The extremely aristocratic but extremely thick Blotto and his extremely brainy sister Twinks are attending a weekend house party when the inevitable happens. Their hostess, the Dowager Duchess of Melmont, is murdered. An amateur detective, conveniently staying for the weekend, deduces that the Lyminster family chauffeur Corky Froggett must have done it. For Blotto and Twinks, the only way to prove Corky's innocence is by finding the real perpetrator.
So begins the second investigation for the daring duo... one which takes them via an opium den in Limehouse, a Scottish castle and a disused Cornish tin mine, to a thrilling final confrontation at the nerve-centre of the evil League of the Crimson Hand. Yes, Blotto and Twinks are back!
Praise for Simon Brett:
'A new Simon Brett is an event for mystery fans' P D James
'Murder most enjoyable' Colin Dexter
'Simon Brett writes stunning detective stories. I would recommend them to anyone.' Jilly Cooper
'Few crime writers are so enchantingly gifted' Sunday Times
'One of British crime's most assured craftsmen... Crime writing just like in the good old days, and perfect entertainment.' Guardian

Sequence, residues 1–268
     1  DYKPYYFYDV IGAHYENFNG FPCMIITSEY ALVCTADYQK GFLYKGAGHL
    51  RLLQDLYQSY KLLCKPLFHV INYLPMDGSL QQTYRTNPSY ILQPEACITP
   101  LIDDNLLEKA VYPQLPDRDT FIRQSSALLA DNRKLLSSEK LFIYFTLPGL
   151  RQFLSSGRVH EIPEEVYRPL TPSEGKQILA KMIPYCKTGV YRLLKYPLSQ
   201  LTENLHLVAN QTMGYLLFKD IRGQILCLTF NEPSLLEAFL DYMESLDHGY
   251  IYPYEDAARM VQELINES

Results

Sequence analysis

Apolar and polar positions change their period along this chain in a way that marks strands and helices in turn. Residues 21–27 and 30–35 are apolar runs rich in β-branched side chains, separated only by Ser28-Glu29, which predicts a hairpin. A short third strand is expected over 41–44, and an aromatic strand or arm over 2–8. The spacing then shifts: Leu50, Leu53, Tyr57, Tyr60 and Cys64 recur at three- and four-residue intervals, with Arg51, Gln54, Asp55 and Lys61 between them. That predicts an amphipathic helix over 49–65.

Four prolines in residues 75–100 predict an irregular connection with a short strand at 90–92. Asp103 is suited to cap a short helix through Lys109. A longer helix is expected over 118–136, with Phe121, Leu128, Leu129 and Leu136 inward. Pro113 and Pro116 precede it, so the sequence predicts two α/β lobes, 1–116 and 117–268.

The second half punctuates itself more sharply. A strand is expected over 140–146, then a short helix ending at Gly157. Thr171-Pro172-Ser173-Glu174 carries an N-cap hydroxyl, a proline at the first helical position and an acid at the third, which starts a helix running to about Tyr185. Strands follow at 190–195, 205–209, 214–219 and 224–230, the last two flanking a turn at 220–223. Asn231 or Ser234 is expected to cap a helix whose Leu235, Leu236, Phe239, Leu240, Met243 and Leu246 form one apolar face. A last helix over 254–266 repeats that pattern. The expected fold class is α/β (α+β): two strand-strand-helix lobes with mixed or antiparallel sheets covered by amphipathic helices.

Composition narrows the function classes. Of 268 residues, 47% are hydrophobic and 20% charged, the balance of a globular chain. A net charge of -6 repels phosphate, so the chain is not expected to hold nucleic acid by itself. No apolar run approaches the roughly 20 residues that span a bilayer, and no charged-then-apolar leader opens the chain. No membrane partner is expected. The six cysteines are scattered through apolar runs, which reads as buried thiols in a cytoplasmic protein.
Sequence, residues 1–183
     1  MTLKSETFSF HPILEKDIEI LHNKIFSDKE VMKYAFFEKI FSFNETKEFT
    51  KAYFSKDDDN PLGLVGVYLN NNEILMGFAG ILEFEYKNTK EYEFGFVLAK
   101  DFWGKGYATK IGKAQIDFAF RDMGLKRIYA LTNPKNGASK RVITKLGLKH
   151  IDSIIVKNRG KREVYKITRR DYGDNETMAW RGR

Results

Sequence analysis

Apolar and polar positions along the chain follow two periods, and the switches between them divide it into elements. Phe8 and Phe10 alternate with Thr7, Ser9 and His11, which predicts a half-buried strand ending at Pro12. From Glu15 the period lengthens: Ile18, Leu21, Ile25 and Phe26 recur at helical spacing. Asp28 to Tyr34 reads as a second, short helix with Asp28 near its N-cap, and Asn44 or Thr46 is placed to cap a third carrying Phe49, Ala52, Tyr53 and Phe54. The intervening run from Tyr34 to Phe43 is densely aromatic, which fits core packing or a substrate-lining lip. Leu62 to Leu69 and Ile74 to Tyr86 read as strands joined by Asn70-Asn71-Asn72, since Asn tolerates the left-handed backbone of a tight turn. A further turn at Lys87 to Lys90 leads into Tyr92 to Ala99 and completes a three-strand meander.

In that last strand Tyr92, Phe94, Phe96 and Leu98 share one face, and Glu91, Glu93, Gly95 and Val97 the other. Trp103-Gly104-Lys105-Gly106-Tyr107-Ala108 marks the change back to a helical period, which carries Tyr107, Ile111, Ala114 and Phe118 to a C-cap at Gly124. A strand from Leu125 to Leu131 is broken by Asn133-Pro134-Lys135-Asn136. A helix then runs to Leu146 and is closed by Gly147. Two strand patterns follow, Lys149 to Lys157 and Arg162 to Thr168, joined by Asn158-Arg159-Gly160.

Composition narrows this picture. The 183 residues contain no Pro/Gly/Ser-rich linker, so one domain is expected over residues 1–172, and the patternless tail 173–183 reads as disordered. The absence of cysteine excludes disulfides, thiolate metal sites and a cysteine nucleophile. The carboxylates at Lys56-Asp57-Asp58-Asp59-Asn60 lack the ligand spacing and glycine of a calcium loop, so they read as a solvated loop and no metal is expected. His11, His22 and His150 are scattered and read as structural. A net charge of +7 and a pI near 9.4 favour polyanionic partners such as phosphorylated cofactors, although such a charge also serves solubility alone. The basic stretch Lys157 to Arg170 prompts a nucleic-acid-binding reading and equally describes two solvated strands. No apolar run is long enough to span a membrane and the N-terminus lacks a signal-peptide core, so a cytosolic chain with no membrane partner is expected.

Brett's second mystery set in 1920s England (after 2011's Blotto, Twinks and the Ex-King's Daughter) starts off as a passable Wodehouse imitation, but soon grows tiresome with its relentless wordplay, banter, and speech mannerisms evocative of Bertie Wooster (e.g., "Oh, trucky-trockle. Well, me old poached egg, tell me what your notion is zappity-ping"). The over-the-top plot finds the dim Honourable Devereux Lyminster (aka Blotto) and his brainy sister, Honoria (aka Twinks), investigating a murder that leads them to a sinister gang straight from the pulps, the League of the Crimson Hand. Wodehouse's genius lay in pairing memorably goofy characters with complex, rigorously constructed plots that maximized the farcical potential of misunderstandings and missteps. Brett's inability to do so renders this a slight diversion rather than a genuinely memorable comic mystery.